by Dr. Han Seung-soo
The Right Reverend Bishop Mark Sisk, the Most Reverend John Paterson, the Right Reverend Herbert Donovan, Ms. Fonga Matalavea, Ladies and Gentlemen :
I would like to thank you all for your kind introduction and your invitation to join the congregation of Saint John the Divine here today. I know that this congregation has long demonstrated a special rapport with the United Nations and its work and that you have contributed to the UN’s mission in ways both tangible and intangible. On behalf of the entire UN “family,” I would like to express my deep appreciation for your unflagging support and assistance.
This service should be an occasion of joy and thanksgiving. Yet the horrific events of last week cast a dark shadow over us as we gather here today. I pray for the victims of the terrorist attacks and for their families and loved ones. I pray also that God’s will be done in judging the perpetrators of these crimes. Above all, I pray that the day will come when the hatred that motivates such crimes no longer poisons the hearts and minds of human beings. In this respect, God’s work must also truly be our own.
I come from a country that is known for its religious eclecticism. In Korea, the prevailing faiths are Buddhism, Protestantism in its many forms, and Catholicism. Confucianism, which is often described as “a faith without a theology,” is a rich part of our cultural heritage and still practiced by many. There are, in addition, hundreds of lesser known religions, churches, and belief systems. And so Korea presents the unusual example of a culturally and ethnically homogenous nation that is nevertheless very religiously diverse.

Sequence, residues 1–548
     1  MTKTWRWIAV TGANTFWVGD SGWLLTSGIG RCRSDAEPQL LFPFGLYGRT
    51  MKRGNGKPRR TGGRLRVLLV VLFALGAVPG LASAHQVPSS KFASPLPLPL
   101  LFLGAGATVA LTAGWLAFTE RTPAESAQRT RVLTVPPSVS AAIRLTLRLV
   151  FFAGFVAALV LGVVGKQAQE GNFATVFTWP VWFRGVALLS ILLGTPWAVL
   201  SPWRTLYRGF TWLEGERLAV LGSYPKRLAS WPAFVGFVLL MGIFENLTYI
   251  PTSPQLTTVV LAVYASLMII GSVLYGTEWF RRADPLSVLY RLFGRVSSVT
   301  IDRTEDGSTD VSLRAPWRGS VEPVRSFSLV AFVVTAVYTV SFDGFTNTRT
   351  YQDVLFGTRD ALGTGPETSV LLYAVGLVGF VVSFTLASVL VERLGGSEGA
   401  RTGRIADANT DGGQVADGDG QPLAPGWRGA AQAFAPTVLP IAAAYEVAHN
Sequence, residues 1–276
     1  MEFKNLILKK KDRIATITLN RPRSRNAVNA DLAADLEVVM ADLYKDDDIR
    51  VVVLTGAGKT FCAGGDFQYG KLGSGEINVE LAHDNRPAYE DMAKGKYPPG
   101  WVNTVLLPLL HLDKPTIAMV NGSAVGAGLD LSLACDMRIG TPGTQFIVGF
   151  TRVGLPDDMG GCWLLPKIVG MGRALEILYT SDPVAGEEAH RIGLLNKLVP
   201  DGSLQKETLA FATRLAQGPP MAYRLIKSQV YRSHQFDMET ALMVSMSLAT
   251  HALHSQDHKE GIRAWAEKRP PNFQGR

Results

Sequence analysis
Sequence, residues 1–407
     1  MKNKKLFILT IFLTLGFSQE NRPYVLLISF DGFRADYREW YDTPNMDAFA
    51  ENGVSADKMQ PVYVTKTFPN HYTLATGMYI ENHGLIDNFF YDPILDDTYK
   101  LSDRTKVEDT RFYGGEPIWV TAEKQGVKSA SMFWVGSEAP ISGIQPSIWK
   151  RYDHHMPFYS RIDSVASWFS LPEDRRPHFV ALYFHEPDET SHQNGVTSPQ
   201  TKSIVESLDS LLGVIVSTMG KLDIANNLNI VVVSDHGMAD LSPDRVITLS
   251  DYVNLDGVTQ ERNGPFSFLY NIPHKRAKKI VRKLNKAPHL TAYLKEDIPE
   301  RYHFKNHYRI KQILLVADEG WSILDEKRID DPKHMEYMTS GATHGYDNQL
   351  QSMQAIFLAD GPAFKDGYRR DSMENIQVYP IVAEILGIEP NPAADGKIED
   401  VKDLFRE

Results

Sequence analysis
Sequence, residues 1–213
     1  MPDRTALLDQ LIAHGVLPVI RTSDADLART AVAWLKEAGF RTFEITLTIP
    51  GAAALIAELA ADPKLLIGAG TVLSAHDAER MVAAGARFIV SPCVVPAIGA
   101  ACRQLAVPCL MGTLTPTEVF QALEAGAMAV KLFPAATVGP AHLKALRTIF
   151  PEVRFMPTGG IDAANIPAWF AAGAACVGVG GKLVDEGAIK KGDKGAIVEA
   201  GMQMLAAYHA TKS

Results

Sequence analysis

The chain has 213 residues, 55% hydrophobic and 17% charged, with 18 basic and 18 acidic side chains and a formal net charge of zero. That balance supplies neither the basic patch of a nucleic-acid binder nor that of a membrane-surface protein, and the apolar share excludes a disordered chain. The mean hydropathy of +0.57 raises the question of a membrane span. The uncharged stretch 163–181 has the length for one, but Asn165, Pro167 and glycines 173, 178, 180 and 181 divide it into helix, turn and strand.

I think it is fair to say that the Koreans are a deeply spiritual people. Throughout our history, we have looked to a supernatural order – however defined – as giving meaning and direction to our terrestrial lives. However, I would not want to claim this as a distinctively Korean characteristic. I believe that an innate, God-given spirituality is part of the common heritage of all mankind. What makes Korea unusual in this respect is that the forces of modernity seem to have nurtured, rather than weakened, Koreans’ spiritual life. Perhaps this is something we share with the people of the United States.
Man’s innate religious impulse takes many forms, not all of them overtly religious. In the 19th and 20th centuries, we witnessed the rise of absolutist ideologies, which are sometimes viewed as religious surrogates. Also during the past two centuries, the religious impulse lay behind or directly inspired almost every one of mankind’s most ambitious humanitarian achievements – from the abolition of slavery to the regulation of child labor to the founding of the United Nations in 1945.
In the 19th century, leading thinkers such Nietzsche and Dostoyevsky feared for the future of morality and civilization itself in an increasingly secular age. As Dostoyevsky famously said, “If God is dead, then all things are permitted.” We now know that the reports of the death of God were, indeed, greatly exaggerated and that the religious impulse, if not always religion per se, can be a powerful force behind the ascent of civilization to ever higher ethical and moral standards.
But what is it, precisely, about most forms of spirituality that accounts for this? Let me suggest that almost all “varieties of religious experience,” to use William James’ phrase, tend to instill in those they touch three core beliefs that are the well-spring of humanitarian action.